Submitted by Dr LAU Chun Wing Arthur on 28 April 2009

Department of Intensive Care, Pamela Youde Nethersole Eastern Hospital


Figure. Head of Bed (HOB) angle indicator used in PYNEH ICU.

Click Read More to read the evidence that this improves compliance of HOB elevation, one of the important measures to prevent ventilator-associated pneumonia (VAP).

 Simple trigonometry shows that angle HOB equals angle x (90 + x + y = 180 degrees; 90 + HOB + y = 180 degrees)


We use this device on this old mechanical bed. There are HOB angle indicators in some newer electronic beds, but not as eye-catching. There is evidence that this simple device improves HOB elevation compliance.



Williams, Zev MD, PhD; Chan, Rodney MD; Kelly, Edward MD. Critical Care Medicine. 36(4):1155-1157, April 2008. A simple device to increase rates of compliance in maintaining 30-degree head-of-bed elevation in ventilated patients. 

Fulltext available here.

Objective: To determine whether a highly visible device that clearly indicates whether the head-of-bed is adequately elevated would increase rates of compliance with head-of-bed elevation guidelines.

Design: A prospective, single-center, multi-unit, two-phase study.

Setting: Surgical, thoracic, trauma, and medical intensive care units.

Patients: Cohort of intubated patients.

Interventions: A 4-wk trial was performed. At the onset of the trial, nurses were reminded to maintain head-of-bed elevation >30 degrees. Over the subsequent 2 wks, head-of-bed elevations of intubated patient beds were measured. An Angle Indicator, designed to clearly display whether the head-of-bed was adequately elevated, was then placed on side rails of beds of ventilated patients, and head-of-bed elevation measurements were taken for an additional 2 wks. A survey was then handed out to nursing staff to assess satisfaction with the device.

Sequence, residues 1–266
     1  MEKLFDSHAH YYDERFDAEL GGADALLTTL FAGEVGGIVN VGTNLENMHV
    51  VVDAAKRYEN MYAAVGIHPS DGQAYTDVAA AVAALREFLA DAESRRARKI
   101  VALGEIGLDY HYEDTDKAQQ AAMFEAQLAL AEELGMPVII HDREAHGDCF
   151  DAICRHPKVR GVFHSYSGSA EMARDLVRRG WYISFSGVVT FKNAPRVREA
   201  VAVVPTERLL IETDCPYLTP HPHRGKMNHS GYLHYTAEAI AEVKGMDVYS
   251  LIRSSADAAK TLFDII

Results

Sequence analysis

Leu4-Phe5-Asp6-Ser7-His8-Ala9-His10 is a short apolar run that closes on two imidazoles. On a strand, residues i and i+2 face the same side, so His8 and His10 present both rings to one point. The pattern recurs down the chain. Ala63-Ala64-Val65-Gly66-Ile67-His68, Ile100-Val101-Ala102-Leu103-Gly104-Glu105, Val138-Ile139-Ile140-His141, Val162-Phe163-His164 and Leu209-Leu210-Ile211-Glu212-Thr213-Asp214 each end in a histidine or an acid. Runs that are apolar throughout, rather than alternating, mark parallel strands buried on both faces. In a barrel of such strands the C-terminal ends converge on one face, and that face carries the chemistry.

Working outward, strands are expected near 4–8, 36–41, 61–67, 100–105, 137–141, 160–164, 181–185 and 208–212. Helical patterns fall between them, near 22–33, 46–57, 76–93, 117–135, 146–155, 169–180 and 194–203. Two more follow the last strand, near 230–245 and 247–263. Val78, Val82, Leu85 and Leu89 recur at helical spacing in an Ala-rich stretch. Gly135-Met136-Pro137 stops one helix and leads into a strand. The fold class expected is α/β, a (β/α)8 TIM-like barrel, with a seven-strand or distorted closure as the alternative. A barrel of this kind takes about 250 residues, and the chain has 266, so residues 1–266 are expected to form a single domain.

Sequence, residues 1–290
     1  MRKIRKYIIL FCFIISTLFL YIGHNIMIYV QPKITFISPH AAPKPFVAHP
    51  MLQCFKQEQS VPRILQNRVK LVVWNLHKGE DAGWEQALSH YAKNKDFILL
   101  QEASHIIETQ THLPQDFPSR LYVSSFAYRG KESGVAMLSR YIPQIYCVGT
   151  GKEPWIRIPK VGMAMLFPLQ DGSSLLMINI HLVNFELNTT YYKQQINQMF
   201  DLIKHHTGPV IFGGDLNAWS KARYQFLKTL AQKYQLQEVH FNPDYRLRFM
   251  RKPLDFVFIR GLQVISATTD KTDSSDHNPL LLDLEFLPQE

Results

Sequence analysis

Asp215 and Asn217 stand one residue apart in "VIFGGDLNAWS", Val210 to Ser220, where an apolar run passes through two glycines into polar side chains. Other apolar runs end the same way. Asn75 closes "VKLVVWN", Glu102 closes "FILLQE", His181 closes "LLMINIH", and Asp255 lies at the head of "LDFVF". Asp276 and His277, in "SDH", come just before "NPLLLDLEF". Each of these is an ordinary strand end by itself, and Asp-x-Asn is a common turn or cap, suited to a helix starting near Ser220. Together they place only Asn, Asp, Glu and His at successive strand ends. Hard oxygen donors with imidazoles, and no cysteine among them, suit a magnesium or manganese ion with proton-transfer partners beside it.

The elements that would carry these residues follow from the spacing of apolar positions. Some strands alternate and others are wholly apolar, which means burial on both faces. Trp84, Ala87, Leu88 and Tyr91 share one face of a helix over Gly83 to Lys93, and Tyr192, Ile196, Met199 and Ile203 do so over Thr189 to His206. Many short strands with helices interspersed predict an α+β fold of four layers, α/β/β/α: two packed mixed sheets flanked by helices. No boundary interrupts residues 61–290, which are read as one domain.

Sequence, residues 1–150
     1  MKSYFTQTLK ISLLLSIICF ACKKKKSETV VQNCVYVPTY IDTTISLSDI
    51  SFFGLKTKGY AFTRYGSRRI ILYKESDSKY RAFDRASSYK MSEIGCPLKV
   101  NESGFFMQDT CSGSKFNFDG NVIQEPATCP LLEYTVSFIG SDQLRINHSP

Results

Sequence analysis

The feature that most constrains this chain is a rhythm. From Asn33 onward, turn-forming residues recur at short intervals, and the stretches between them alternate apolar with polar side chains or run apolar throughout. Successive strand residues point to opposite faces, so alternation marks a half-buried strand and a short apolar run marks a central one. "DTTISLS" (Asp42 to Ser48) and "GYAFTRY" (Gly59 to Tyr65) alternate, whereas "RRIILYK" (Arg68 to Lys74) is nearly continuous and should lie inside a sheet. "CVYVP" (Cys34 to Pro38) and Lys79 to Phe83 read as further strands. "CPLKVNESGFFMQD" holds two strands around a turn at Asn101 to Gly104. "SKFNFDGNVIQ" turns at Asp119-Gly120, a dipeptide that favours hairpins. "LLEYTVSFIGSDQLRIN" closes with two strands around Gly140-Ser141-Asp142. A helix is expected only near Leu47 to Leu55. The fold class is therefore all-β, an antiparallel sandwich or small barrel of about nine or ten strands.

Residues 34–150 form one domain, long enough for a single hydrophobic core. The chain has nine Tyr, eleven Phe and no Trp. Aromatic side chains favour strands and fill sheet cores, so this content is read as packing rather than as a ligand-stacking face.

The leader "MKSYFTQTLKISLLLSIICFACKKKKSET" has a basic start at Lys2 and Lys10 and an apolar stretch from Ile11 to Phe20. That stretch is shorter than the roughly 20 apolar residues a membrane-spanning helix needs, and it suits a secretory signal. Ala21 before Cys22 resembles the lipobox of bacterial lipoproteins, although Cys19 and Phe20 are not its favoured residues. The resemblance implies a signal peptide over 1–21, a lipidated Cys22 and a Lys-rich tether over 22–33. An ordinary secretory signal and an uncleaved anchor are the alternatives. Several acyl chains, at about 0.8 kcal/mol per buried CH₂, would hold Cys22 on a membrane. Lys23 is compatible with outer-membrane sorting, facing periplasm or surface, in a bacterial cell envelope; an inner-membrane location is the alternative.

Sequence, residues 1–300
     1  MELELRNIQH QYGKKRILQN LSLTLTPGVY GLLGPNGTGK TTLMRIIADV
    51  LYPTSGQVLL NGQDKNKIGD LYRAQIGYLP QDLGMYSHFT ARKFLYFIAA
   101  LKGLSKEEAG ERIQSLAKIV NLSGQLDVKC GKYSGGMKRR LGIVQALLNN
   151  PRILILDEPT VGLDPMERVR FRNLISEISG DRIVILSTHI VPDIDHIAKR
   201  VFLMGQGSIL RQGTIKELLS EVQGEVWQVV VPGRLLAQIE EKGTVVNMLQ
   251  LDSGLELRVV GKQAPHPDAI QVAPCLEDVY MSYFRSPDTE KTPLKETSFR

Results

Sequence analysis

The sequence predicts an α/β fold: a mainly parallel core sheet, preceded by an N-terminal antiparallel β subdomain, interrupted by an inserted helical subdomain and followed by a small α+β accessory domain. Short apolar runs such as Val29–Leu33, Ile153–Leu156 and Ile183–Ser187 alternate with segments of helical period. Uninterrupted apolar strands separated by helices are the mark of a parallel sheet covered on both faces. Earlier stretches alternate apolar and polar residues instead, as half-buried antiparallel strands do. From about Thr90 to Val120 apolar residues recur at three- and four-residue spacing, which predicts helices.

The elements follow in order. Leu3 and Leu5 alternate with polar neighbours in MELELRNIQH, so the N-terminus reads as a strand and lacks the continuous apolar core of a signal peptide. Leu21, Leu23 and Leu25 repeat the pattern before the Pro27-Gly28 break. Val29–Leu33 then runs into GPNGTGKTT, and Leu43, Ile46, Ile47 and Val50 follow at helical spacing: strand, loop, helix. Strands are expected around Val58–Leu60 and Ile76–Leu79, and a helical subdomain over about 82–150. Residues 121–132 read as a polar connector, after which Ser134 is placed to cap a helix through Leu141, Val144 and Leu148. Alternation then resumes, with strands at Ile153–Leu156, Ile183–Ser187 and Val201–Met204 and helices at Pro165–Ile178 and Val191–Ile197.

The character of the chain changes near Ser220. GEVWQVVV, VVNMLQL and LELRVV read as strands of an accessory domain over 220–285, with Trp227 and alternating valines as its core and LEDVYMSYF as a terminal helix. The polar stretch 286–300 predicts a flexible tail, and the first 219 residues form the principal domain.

Measurements and Main Results: A total of 268 bed measurements were made. The average head-of-bed elevation was 21.8 degrees on beds without the device (n = 166) and 30.9 degrees on beds with the device (n = 102; p < .005). When compliance is defined as a bed angle of >=28 degrees, 23% of beds without the device were compliant while 71.5% of the beds with the device were compliant. The relative risk and odds ratio of having the device on a compliant bed were 2.2 and 9.25, respectively (p < .005). Seventy-two percent of nurses surveyed (n = 32) found it to be an improvement over existing methods, 88% found it helpful, and 84% would like it routinely used.

Conclusions: The Angle Indicator improved rates of adherence to bed-elevation guidelines, and hospital staff found it helpful.